Here is a smattering of this and that, little funny and/or endearing things that have happened in my class over the past few weeks.
My students tell me on a fairly regular basis that they want me to curl my hair. I’m not sure if this means they think I need some big improvement or if they just like people with curled hair, but I find it so amusing. I told them earlier in the year that I needed to wait until I had grown my hair out longer. We were having indoor recess one day, so we were all playing various games on the floor. One of my kids called out my name from across the room. When I looked up, he was holding a single piece of hair that he had found on the floor. “Mrs. O’Connor, your hair is getting long! Maybe you can curl it now!”
Another student said something about “illegal aliens.” I asked him if he knew what that meant and he stumbled around, smiling, in an effort to come up with a definition: “Well, ‘illegal’ means it’s against the law.” I explained that it meant people who come here from other countries illegally, and just to keep it simple, I said, “You know, like without a passport.” Still grinning, he said, “Well then they’re all illegal because aliens never come with passports!”
The highlight of grading papers last night, on a Friday night, was a note at the top of a spelling test that said, “I love you Mrs. O’Connor.” I think it’s so endearing that even my big kids (big to me, anyway) still tell me they love me. It just melts my heart.
I really love my school and am loving the basis in classical education. The kids are exposed to classical literature and great masterpieces in art, and they are actually able to appreciate and enjoy it, which is so cool to see.
Even though the kids don’t do much with Shakespeare until they are in 5th grade, we had some people from Shakespeare Dallas come for a program they do for kids called “All the World’s a Stage.” I told my kids just a little about who Shakespeare was the day before the presentation, but that was about the only exposure they had had to him thus far. The program was phenomenal! We had 2nd – 8th graders all watching and they absolutely loved it! The coolest thing is that now they are all really excited about Shakespeare. The Shakespeare people performed some scenes from some of his plays, told about who he was, explained some things about acting and stage combat, and called students up to participate in various ways. They did a really cool thing where they had one couple on the left side of the stage performing the balcony scene from Romeo and Juliet and another couple on the right side performing the same scene but translated into modern, kid-friendly English. They kept alternating between the two couples so the kids could see what was happening and understand it, which I thought was such a great idea.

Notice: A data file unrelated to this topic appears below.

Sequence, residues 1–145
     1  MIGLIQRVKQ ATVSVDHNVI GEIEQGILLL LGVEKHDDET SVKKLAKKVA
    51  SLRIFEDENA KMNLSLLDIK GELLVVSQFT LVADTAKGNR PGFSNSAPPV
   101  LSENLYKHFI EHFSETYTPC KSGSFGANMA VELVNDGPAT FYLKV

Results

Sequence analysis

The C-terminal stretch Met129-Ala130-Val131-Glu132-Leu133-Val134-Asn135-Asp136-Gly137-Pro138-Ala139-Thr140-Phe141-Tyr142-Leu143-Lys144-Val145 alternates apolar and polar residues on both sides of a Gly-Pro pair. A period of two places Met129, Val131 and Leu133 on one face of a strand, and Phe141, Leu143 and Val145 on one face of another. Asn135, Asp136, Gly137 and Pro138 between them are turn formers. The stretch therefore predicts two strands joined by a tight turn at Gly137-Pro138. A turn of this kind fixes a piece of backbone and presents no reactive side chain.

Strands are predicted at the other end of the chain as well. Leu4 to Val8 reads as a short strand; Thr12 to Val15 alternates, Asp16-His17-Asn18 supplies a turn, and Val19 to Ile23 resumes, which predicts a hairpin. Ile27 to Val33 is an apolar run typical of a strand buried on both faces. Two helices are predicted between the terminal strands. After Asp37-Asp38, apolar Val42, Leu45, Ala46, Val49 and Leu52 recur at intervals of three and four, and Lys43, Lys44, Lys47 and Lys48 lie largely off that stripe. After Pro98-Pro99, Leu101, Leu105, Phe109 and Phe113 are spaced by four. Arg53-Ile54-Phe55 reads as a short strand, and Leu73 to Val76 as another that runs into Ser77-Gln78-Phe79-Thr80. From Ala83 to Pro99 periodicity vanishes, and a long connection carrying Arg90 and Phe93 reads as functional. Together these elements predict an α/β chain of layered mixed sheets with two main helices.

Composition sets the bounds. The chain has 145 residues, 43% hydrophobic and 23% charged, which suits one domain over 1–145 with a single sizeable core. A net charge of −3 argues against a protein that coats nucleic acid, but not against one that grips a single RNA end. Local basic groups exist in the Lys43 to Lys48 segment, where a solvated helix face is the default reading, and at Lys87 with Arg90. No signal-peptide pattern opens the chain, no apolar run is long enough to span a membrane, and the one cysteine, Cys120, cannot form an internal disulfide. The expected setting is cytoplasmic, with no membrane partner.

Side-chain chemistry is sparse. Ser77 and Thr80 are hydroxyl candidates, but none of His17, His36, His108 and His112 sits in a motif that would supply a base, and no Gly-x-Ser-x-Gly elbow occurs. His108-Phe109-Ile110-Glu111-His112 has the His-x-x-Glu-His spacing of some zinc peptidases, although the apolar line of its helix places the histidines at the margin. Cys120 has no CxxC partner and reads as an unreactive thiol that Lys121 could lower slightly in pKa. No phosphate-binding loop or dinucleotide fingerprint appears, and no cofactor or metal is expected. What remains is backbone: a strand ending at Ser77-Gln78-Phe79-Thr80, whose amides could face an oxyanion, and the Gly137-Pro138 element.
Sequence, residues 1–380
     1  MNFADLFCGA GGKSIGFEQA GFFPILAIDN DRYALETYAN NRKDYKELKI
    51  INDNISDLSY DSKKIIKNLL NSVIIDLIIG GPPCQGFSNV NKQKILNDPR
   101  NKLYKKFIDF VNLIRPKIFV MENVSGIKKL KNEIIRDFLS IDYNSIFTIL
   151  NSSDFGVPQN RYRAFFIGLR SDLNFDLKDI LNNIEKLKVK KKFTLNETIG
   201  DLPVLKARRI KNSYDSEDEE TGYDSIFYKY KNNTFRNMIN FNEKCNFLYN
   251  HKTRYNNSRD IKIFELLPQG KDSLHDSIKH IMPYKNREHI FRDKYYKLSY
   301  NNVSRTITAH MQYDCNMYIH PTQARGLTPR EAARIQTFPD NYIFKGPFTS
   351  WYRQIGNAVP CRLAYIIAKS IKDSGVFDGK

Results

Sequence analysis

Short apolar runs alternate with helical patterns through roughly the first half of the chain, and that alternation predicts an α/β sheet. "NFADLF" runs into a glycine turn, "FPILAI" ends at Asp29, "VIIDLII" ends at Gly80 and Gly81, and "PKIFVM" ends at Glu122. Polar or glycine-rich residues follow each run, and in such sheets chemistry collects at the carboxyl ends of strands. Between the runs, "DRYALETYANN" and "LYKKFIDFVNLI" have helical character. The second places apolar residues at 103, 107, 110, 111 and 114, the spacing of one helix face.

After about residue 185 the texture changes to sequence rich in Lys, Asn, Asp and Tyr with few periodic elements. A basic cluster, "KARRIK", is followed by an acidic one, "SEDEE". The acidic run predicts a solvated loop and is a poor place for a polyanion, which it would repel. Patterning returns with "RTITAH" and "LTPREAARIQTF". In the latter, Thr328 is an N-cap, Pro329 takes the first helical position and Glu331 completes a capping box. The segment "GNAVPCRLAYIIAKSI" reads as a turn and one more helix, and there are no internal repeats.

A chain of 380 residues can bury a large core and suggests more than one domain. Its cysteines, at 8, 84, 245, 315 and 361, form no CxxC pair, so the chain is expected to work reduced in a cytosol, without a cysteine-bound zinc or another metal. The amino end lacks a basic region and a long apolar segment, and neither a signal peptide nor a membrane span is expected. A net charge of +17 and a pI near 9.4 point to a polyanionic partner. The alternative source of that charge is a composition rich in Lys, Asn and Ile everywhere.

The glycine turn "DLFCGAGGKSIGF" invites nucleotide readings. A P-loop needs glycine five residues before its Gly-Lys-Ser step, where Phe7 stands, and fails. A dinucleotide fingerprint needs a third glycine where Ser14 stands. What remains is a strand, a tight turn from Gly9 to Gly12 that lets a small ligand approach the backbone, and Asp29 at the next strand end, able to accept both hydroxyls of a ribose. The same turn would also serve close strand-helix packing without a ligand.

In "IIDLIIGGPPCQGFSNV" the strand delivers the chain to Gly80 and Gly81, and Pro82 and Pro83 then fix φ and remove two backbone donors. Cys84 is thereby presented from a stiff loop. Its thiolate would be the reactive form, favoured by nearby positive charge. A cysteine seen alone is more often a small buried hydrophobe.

At the beginning of the presentation, they started with a sword fighting scene from Romeo and Juliet, complete with combat music playing in the background. That, of course, was a superb way to get the kids’ attention right away. One of my students, who was sitting next to me, leaned over during the fight scene and whispered excitedly, “This is better than the MOVIES!!!” Almost an hour later, during another part of the presentation, the student on the other side of me replied, “You’re right, this IS better than the movies! I think The Lion, the Witch, and the Wardrobe [we’re going to see the play at Dallas Children’s Theater] is going to be better than the book AND the movie!!” A fourth grader from the other class said, when it was over, “If we stay, will they do it again??” Another one of my students checked out a book for children from our library called Tales from Shakespeare and poured over it eagerly. How awesome to see 9 and 10-year-old kids loving Shakespeare so much! My pure enjoyment at their enjoyment of such wonderful, rich literature reminds me that, for better or worse, I am indeed a teacher, through and through.